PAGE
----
by: Emmelie Pickett
We are often asked, “Will TBRI work with my child who has Autism?”
Trust-Based Relational Intervention® (TBRI®) aims to help children from “hard places” of abuse, neglect, and/or trauma. While not every child with Autism Spectrum Disorder (ASD) has such a history, research shows that children with ASD are at least two times more likely to experience trauma. Therefore, children from hard places who also have ASD require trauma-informed interventions to meet their unique needs and to help them reach their highest potential.
One common intervention for children with ASD is Applied Behavioral Analysis (ABA) Therapy. Fortunately, many ABA Therapy strategies provide an excellent foundation for TBRI and seem compatible for children with both ASD and histories of trauma. In fact, noted Autism activist, Dr. Temple Grandin, recently had this to say about the TBRI Strategies presented in our book, The Connected Child:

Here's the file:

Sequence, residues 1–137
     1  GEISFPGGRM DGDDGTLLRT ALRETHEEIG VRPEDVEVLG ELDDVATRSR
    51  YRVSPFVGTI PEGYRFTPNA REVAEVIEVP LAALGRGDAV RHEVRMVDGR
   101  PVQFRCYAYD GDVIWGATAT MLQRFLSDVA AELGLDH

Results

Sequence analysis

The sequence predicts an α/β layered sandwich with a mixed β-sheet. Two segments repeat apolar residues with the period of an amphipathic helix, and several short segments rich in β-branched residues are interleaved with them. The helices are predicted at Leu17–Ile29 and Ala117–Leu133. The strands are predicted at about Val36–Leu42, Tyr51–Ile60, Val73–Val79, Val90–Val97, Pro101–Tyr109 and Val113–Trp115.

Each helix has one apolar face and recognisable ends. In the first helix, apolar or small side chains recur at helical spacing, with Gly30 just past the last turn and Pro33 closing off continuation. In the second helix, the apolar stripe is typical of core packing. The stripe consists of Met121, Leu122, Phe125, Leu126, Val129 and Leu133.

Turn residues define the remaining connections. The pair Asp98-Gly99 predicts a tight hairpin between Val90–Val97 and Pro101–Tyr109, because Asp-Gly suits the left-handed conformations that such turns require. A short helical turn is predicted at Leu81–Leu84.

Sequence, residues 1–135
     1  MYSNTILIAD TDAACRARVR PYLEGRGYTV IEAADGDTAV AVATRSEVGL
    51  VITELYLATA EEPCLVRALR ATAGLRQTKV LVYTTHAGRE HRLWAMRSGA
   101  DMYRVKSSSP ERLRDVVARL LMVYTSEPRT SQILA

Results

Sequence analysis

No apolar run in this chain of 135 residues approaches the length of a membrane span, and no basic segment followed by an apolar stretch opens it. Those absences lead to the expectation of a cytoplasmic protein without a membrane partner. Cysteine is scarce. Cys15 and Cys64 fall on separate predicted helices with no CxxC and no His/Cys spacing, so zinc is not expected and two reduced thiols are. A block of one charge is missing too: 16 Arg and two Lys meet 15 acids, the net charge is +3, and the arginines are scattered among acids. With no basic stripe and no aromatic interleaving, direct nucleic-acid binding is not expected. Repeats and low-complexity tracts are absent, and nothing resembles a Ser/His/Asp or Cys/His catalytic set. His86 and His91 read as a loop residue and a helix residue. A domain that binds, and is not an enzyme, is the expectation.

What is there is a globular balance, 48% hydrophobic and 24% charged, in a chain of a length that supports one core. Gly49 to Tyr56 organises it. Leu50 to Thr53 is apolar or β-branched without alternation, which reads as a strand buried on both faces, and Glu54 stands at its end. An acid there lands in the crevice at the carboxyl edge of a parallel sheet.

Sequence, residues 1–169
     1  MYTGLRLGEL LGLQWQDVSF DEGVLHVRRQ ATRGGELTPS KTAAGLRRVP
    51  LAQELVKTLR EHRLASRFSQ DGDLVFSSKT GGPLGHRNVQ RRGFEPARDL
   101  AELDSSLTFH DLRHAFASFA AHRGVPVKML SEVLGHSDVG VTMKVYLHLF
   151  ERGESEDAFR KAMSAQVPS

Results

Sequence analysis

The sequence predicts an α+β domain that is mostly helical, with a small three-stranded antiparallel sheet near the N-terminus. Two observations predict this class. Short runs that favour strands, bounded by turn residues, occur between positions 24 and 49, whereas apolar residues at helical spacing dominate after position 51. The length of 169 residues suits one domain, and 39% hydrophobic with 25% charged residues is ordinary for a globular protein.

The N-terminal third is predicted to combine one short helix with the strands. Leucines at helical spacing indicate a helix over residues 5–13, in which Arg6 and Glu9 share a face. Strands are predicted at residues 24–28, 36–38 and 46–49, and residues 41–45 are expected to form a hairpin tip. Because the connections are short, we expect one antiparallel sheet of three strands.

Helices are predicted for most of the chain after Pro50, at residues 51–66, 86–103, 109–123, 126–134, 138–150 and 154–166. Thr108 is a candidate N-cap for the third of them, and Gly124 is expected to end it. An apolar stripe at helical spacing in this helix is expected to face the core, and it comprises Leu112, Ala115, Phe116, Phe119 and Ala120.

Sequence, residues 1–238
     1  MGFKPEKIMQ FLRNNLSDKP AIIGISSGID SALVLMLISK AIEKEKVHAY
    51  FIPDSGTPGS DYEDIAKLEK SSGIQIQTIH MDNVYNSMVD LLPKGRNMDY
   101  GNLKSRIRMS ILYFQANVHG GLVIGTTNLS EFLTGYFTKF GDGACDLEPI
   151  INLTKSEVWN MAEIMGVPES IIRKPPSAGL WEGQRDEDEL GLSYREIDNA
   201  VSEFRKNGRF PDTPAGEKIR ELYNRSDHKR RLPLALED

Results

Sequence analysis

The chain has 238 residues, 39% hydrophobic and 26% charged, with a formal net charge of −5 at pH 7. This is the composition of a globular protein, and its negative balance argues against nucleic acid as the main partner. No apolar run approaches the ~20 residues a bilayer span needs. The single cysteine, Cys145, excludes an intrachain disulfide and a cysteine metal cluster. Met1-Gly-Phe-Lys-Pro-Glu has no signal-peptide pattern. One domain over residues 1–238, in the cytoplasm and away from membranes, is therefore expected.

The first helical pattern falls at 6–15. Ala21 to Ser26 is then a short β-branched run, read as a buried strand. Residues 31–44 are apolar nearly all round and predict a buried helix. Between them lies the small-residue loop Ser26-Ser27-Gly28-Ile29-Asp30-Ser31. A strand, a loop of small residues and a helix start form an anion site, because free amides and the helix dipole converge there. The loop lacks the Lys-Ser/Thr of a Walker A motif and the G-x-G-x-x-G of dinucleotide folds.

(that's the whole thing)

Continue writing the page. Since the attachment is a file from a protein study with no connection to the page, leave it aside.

“The Connected Child provides the parents of adopted at-risk children easy to follow practical advice on how to handle behavior problems in a calm, gentle, effective manner. Giving a child choices will help reduce many behavior problems.”
Dr. Temple Grandin
Our latest TBRI Practice Brief addresses ways that TBRI and ABA Therapy strategies can be used together. Before diving in, please keep in mind that every child is different, and you ultimately know your child best. It’s also important to keep in mind that no child with ASD is the same, and the following information does not generalize to the entire population with ASD.
Click here to read the entire practice brief.
For other TBRI Practice Briefs and articles, please visit the Articles page of our website.
Special thanks to Linley Freeman, alumna of our Master of Developmental Trauma Program, who wrote this TBRI Practice Brief.